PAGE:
Fostering an Unconditional Love
WKU Public Radio partnered with WKU PBS and the Dave Thomas Foundation for Adoption to produce a radio series and television documentary on foster care and adoption.
More than 400,000 U.S children are in foster care, removed from their families when their parents are in crisis and can’t take care of them. There’s a group of people who unselfishly answer the call by becoming foster parents.
One of them is Melanie Watts of Bowling Green. She didn’t give birth to any of her three children, but loves them just the same. She adopted them through foster care, a journey that began while working as a captain at the Bowling Green Police Department.
“Maybe I hit the age, maybe it was just that point of my life where I thought something was missing, and I couldn’t put my finger on it, but I thought to myself, I just need a child. 'One would be great,' I kept thinking. So I went through the foster care program," explained Watts. "I was working one afternoon and got a call to check child welfare. We get there, and there’s a child laying in a stroller wearing a white onesie, or at least it had been white at one time. It was now brown, her diaper was brown and almost dragging, and the mom, you know, is upset that social services is there."
"We’re trying to calm mom down, tell her the situation, and we were trying to feed the baby, change her diaper, and we then realize she has lice, she has scabies. Little did I know, two months later I’d get a phone call saying, 'We have a seven-month-old child, you have hour to get her,' and she was the same baby.”
That was now five-year-old Lexie. Watts would go on to take in Lexie’s half-sisters, three-year-old Abby and two-year-old Ella, and now there’s a fourth child, whom Watts is still fostering. She, like many foster families already stretched thin, take in more when no one else will.
“One would’ve sufficed, but I didn’t want a sibling floating, or being placed in another foster home and they never know each other," said Watts.
Eight thousand children in Kentucky are in need of safe and loving homes. They are in the state foster care system due to no fault of their own. Fonda Walker recruits and certifies foster parents for the Kentucky Cabinet for Health and Family Services.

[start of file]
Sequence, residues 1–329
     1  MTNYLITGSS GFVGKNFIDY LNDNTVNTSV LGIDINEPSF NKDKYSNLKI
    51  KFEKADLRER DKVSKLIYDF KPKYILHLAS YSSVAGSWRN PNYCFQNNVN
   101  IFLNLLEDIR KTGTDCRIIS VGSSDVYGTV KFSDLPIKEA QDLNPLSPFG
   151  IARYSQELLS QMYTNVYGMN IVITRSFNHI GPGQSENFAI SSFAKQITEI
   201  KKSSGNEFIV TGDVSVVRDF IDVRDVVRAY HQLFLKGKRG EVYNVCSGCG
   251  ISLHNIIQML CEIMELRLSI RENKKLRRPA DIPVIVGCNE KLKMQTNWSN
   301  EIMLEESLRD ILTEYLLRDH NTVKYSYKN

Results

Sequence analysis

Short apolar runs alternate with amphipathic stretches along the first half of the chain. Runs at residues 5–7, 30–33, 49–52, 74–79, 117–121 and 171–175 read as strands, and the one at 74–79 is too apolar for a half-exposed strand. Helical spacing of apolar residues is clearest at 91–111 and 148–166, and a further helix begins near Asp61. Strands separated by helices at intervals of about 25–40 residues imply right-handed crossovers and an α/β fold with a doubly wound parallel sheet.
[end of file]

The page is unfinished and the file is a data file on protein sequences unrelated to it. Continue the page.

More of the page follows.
“Our agency becomes involved with families and children when there are reports of abuse. It could be physical abuse, it could be sexual abuse, it could be someone reporting raised voices in a household, it could be emotional abuse, negative talk towards children," Walker explained. "Sometimes we get reports asking for foster care because there are reports of parents using drugs in a home, or other substances, and they’ve been arrested, therefore there’s no one to take care of the children. We also receive reports when parents have passed away, and there’s no one to take care of the children.”
When John and Deanna Gott married, she already had a son, and was reluctant at the idea of more children. It was John who suggested becoming foster parents.
“He was very persistent that he’d like to do this, and I had basically raised my son by myself. He was almost 16, and so I really thought I was finished and was looking forward to that part of life, but I agreed to go to the classes. After one class, I knew that it was what we were supposed to do. It’s been going on 11 years, and we’ve adopted five children.”
One of them is 22-year-old Nelson Gott.
“Ever since we got with them it’s been great," Gott said. "I loved every minute of it, and even to this day I come back and see them because they’ve taken care of me and been there for me, helped me through stuff, so I don’t know where I’d be without them.”
All foster parents agree that fostering is a rewarding, yet difficult, journey. The experience is rife with unknowns. When children are placed in foster care, the goal is always reunification with their birth families.
John and Misti Carrigan of Warren County became foster parents in 2011 and have since adopted two children from the state's child welfare system.